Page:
Sunday, March 17, 2013

Uncommon Bestsellers, #4-42

It's that time of year again. That time I bother looking at what's actually selling, rather than assuming it's t-shirts and telling people which ones. But don't worry. I'll be leaving it to Martin to flesh out a more scrupulous and true-to-sales list, reflective of our inventory. What follows then remains a cumulative but no less arbitrary assortment of our top 100 bestsellers from last month. Oh, and one more thing. You'll notice, well, you won't notice, but were you somehow to log in to Reports and print a copy of our sales period from 02.01.2013 through 03.01.2013, which would take forever to explain, not because you're slow, but because there's 18 different passwords, you'd notice books like Al Gore's The Future (not featured) have, in fact, sold more than 150 copies. Way more, for example, than Heidegger and a Hippo, which I'll come back to, in order to reference a joke Martin made about our philosophy section. And if you're anything like me, you'd wonder why Gore's book is so conspicuously absent from our list, and also how long it would take you to drive to Chipotle if you left now and probably would be back in 10-15 minutes but it's hard to know because of traffic on the weekend if you were the only one here... for awhile. Reason being, we sold The Future for Al Gore's event at the Westminster Town Hall Forum, and not surprisingly such sales aren't necessarily indicative of what's selling in store. Although, you could do a heck of a lot worse than Al Gore. Had we sold books at a Wild game, for instance; an oral team history, perhaps, full of endearing anecdotes about the first time Brett Clark smiled or how long it took Brodziak to get over his reluctance to pass players, without first saying "excuse me": that would pop up on the radar. Anyway, I just want you to know how excruciatingly adult I'm being by not taking this opportunity to tell you that I MET AL GORE AND AL GORE SAID THE NAME OF OUR BOOKSTORE ON THE RADIO! I'll refrain (see below). Now on with the fake list!

4. Google Offer - I couldn't resist. I'm sorry. The rest are books, I promise.

8. and 13. Tenth of December, by George Saunders and Round House, by Louise Erdrich - The New York Times proclaimed Saunders' latest "the best book" of 2013. I know what you're thinking: Colin, what's the point of putting together a purely subjective bestseller list if you're going to tout the same books as The New York Times? First of all, The New York Times likes good books, too, okay? Furthermore, Tenth of December really is one of, if not the best book of the year. Truth is, I feel the same way about calling books "best" and "worst," or rating them on some meaningless scale of #1-100, as I do about eating chocolate and comparing it to an orgasm: it doesn't take much and odds are I won't remember anyway. That said, Saunders' short stories have stayed with me longer than most novels, poems, and would be reminiscences of former... sure, let's call them "lovers." Round House I've not read, but heard was good. Plus when Bookseller Joe told me that his mom "loved it," he held "loved" like a fermata and did that thing with his eyebrows where it looks like he just came to in a startlingly public place, until I poked him to make sure he was still breathing. Then I said, "Is it me or is it weird that we've sold this many copies of Round House, when Louise Erdrich's own bookstore, Birchbark Books, is right over the river?" And then we both just started laughing about the difference between St. Paul and Minneapolis.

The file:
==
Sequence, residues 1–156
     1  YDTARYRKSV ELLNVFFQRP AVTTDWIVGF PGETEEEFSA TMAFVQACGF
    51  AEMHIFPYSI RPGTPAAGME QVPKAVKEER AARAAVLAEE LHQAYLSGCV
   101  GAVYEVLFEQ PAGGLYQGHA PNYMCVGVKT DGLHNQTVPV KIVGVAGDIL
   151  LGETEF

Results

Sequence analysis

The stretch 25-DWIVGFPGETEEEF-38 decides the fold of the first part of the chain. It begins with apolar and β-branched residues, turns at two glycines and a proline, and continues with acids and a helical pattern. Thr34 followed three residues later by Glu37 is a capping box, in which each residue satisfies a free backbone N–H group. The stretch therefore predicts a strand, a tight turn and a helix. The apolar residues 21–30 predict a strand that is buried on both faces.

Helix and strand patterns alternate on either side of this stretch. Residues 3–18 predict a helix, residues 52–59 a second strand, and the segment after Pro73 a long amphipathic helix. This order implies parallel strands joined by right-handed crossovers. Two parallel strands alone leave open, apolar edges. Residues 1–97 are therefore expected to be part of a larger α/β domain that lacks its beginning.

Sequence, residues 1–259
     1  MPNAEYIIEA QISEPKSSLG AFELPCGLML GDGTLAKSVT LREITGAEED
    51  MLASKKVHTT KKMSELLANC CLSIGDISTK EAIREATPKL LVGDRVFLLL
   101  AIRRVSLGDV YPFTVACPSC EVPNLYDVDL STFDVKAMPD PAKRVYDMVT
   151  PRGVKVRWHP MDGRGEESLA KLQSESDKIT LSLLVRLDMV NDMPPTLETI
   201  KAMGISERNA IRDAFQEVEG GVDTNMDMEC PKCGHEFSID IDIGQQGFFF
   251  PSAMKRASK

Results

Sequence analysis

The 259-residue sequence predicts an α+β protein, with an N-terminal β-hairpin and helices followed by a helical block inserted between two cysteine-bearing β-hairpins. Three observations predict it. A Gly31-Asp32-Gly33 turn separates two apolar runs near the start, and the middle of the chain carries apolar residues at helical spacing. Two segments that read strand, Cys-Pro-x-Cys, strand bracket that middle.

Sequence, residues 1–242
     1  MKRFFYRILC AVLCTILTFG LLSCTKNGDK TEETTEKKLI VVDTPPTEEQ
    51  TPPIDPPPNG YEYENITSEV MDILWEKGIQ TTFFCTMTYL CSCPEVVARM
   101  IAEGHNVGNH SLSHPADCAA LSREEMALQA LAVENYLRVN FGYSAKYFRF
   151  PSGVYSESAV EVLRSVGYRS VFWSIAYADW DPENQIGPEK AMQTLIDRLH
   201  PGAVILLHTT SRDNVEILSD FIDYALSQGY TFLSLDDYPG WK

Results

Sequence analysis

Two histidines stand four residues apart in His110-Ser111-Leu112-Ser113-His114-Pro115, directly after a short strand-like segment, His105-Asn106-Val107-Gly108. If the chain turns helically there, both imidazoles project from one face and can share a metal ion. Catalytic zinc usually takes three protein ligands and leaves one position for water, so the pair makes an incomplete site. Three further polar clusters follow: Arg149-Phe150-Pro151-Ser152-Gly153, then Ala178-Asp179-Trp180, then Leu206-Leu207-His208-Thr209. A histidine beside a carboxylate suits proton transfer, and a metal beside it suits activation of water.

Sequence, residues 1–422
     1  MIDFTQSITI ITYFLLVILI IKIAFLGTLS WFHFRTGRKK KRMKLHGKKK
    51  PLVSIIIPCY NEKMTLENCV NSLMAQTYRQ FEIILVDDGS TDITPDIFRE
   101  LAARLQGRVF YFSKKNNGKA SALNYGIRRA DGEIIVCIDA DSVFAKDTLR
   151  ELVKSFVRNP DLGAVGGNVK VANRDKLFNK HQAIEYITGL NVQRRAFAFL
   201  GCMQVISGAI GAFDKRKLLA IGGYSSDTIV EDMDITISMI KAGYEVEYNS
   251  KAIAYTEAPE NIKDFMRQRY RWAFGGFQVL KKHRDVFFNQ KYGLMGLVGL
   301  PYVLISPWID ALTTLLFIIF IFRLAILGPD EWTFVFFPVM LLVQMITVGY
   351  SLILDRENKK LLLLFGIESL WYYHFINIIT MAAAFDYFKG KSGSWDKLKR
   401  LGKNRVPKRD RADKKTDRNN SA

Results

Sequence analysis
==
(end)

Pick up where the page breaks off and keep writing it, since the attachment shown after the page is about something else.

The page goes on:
22. Cookie The Walker, by Chris Monroe - About a week ago, Chris Monroe and I got into this big debate about the difference between children's books and grownup books, and why so many children's books star cats and dogs instead of humans. Oh, and by "debate" I mean in the Old French use of the term, as in to "deliberate," "consider," "eat food slowly then complain about it." Regardless, I said some things I shouldn't have, mostly about dogs. Luckily, Chris Monroe is one of the coolest writers and illustrators 'round these parts, and was all like, "I have no idea why children's books are about animals, but it's fun to draw an alligator in leisure wear!" Monroe's latest, Cookie, the Walker has some humans who are mostly bad people, and I was like, "Hey, how come all the humans in your book are mostly..." and then Claudette told me to be quiet and just enjoy Chris' reading. And I did! I laughed a lot, and even got a copy of the book signed. For my nephews. What? I swear to God for my nephews.

42. The Art of Fielding, by Chad Harbach - The only thing I can think to compare The Art of Fielding's rookie of the year success and out of the gate traction to's the pain I get these days in my shoulder when I exercise. It starts off as this negligible book about baseball two holiday seasons ago, then blows up just in time for Little, Brown And Company to confess it hadn't... maybe... printed enough copies ("Hey! Remember when we published Malcolm Gladwell!?"), and for me to fake a problem with my iPod and stop running. Now it's back in paper and still selling like fifth inning cheap seats to take in a Twins loss. What do they call that in baseball? Not abject failure but the thing about longevity? "Long game"? Is that a term? A player's "long game"? Or is that golf? Like, "Boy, I'll tell you, Terry, he's a little guy, but he shoots a heck of a long game, which I'd argue is what drives him to wear so many layers in this heat. His long game."

Al Gore choosing audience members at random to "swear to ride the bus."

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